The Successful vs Fulfilling Career Choice

GenerationY

One of the greatest conundrums that confront the sincerely naive millennial graduate is the apparent trade-off between ‘successful’ and ‘fulfilling’ careers. After years of discussing big ideas and debating solutions the world’s most intractable problems, we enter a murky world of endless applications to faceless corporate giants and confront the reality that we must begin to think about money, earning a livelihood and social prestige. I will make an inevitably ill-fated attempt at discussing the key difficulties confronting all those who try to reconcile the two aims.

Most people don’t actually have much of a choice as providing for themselves is a more pressing concern. But for those of us that have the luxury of choice, what do we do?

(In case you’re worried I’m being too harsh with my millennial stereotypes – I assure you I am mocking myself as much as my fellow dreamers.)

Are they Mutually Exclusive?

Fulfillment as a term can often be used in a rather half-baked way; it takes more forms than only dedicating your life to altruism, charity and social care. Whilst those are without doubt the most noble of pursuits – it is quite self-evident that even providing for one’s family, saving in order to better educate one’s children, being diligent with your responsibilities and by doing so being a role model to others, are universally fulfilling. These fulfillments can be present in virtually any ‘normal’ occupation that doesn’t actively undermine human welfare – which is most.

In that sense, fulfillment and success can probably coincide. Perhaps those of us growing up fortunate enough not to worry about these things – i.e. taking it as a given we will be able to provide for our future families and children – undervalue these aspects of ‘normal’ work.

You might contend that the definition of ‘success’ is hotly contested, but arguably our society has settled on quite an established view of success. Whilst this may vary slightly from culture to culture, when you attend a good university and have a solid educational foundation, success is pursuing a career that is well paid, socially respected and involves advancement and promotion. Despite my millennial objections, this is how the world sees ‘success’. Alternative definitions are, perhaps unfortunately, murmurs of discontent from the fringes of mainstream society. It takes a brave soul to defy the social expectations of ‘success’ and pursue their own vision of personal ‘success’.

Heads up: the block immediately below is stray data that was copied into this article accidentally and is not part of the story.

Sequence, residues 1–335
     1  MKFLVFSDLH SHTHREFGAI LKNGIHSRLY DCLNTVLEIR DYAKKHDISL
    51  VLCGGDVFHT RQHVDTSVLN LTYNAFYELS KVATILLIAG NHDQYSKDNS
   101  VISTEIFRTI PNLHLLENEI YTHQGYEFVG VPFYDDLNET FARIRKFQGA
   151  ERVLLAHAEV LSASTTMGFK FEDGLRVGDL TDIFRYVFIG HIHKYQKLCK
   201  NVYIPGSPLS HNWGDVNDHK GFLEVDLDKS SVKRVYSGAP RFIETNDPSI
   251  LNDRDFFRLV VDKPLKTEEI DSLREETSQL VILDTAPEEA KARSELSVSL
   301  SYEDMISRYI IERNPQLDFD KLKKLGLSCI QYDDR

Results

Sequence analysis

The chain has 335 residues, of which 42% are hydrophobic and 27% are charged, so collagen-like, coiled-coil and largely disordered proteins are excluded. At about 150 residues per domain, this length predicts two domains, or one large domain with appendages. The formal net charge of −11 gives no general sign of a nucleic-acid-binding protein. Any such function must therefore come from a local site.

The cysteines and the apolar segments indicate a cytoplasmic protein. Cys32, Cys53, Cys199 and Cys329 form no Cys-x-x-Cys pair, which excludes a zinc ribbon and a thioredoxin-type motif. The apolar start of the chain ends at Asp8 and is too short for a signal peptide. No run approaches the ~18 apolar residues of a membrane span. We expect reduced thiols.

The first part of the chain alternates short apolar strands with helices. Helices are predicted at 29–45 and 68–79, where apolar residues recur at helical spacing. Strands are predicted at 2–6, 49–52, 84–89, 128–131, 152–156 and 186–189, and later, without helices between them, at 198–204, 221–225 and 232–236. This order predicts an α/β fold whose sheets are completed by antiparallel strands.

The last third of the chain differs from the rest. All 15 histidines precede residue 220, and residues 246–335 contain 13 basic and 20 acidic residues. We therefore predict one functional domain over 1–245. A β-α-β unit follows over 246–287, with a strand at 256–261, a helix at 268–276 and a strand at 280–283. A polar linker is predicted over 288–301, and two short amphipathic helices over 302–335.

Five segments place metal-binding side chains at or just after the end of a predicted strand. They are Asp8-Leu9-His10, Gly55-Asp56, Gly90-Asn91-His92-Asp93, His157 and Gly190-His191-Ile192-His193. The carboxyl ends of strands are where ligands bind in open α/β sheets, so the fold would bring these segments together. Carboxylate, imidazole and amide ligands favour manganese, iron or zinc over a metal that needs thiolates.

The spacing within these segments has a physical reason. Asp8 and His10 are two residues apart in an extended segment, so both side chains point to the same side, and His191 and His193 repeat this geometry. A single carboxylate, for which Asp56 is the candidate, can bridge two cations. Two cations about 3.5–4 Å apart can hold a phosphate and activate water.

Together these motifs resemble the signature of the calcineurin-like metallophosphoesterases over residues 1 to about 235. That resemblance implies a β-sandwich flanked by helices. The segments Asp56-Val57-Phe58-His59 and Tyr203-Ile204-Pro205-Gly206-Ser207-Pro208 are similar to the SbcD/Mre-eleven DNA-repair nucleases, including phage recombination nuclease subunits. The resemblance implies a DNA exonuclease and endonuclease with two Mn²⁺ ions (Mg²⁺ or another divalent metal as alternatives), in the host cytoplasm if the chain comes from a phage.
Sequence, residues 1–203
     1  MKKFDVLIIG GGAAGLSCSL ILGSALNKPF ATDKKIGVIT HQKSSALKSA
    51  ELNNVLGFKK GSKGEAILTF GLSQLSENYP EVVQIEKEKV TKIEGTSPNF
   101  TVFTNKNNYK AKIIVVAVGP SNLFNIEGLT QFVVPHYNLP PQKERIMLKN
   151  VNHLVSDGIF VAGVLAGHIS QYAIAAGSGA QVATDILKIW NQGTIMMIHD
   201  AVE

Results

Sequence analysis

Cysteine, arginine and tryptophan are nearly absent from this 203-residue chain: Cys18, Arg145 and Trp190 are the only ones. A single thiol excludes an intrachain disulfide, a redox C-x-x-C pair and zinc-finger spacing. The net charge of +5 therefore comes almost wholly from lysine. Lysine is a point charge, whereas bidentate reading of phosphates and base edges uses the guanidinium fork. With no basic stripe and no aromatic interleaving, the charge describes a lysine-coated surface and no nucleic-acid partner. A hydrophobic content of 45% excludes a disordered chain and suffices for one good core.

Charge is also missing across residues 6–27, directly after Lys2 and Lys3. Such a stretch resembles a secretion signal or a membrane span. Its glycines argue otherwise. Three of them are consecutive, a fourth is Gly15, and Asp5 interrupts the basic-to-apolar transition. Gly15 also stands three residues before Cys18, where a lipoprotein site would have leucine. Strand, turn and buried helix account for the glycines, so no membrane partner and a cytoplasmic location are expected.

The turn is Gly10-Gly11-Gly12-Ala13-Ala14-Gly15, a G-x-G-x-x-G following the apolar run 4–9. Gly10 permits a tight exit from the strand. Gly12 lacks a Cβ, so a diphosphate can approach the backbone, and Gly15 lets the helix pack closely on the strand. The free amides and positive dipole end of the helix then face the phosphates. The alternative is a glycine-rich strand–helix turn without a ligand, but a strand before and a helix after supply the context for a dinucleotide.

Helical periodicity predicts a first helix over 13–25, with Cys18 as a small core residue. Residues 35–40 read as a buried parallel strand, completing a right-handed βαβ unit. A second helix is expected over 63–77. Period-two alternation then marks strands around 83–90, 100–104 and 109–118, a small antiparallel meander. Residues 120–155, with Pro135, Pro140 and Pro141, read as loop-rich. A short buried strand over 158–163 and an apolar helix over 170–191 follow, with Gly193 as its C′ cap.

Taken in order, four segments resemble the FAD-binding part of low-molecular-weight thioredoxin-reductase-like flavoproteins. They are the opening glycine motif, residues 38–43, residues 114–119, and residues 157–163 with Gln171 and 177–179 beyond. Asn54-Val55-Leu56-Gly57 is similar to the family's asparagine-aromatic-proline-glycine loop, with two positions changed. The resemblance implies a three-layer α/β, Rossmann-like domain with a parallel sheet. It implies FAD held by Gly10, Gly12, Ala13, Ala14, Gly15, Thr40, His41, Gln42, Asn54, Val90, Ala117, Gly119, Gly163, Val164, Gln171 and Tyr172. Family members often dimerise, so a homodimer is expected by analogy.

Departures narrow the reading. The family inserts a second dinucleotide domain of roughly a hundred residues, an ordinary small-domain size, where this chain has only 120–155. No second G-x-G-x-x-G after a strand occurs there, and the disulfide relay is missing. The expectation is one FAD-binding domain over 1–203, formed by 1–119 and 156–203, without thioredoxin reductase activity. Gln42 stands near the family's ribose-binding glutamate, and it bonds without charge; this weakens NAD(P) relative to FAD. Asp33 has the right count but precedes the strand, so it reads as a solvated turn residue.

The World Needs our Talent

There are those who make reasonable arguments about the good people can do from within mainstream occupations – both by being proactive on the corporate social responsibility (CSR) front at work, but also by engaging with good causes in their personal time outside of work. This is probably fair, although I would be interested to figure out how many people who work the 60+ hour-weeks most in London do actually feel this to be the case.

However, there is a potent counter-argument. In an era of great challenges, from the persistence of poverty to the rise of inequality, the unassailable acceleration of climate change and resurgence of war, civil strife and nationalism, the world needs at least some of its most talented to turn their attention to these problems. If all the best graduates go into well-paid professions that, whilst hardly wrong, aren’t actively contributing to solving these problems, the likelihood we can tackle them is surely low.
In my mind, this argument is potent. Unfortunately, however, it seems that far too often more fulfilling career routes are beset with uncertain entry routes, persistent lack of stability and financial security and a myriad of discontent blog-posts from disillusioned people (often fellow millennials) within the sector.

University is Expensive–

What is the ‘Return’?

A part of me constantly returns to the pragmatic financial concerns surrounding further education. University is expensive – £9,000 in the UK, and often even more in the US. Is it not a reasonable expectation for that sizeable financial investment in our skills (‘human capital’) to bring a positive and proportionate ‘return’?

I mean – is a £27,000 investment worth it if our lifetime earnings are barely improved, and low compared to others? I don’t know – it’s a crude point but if I’m honest with myself, the crippling cost of university does point us in this direction.
I would like to think the ‘returns’ of education go far beyond income. Surely, they do? Perhaps if we content ourselves with the idea that the benefit we bring to humanity, in whatever form that takes, constitutes the highest form of return, then this concern is allayed.

 

So, for those of us desperately trying to convince ourselves our concern for the state of the world is genuine… I don’t really have any answers. Do you?

Visiting the Homeland – Our own White Saviour Complex

Lahore

Recently, I travelled to my country of origin; Pakistan.

The nation gets a lot of press. Stereotypes exist about most countries, but few exceed the capture of the public imagination that Pakistan has unwittingly managed to achieve. So I found myself consciously navigating some of the difficulties of interacting with ‘back home’ from the perspective of an ‘educated’, Western mind (not entirely Anglicized, mind you).

I was keen not to expect the country to conform to the headlines; constant explosions, acts of blatant misogyny and endemic corruption. As HONY put much better than I ever could recently, limited headline space lends itself to negative news; most countries in strife are depicted with disproportionate negativity in Western (and probably all) media outlets. So I wasn’t expecting chronic insecurity and societal meltdown – I understand people still get on with their lives, and that the idea Pakistan is on the verge of becoming a failed state is a horrendous mischaracterization of the nation.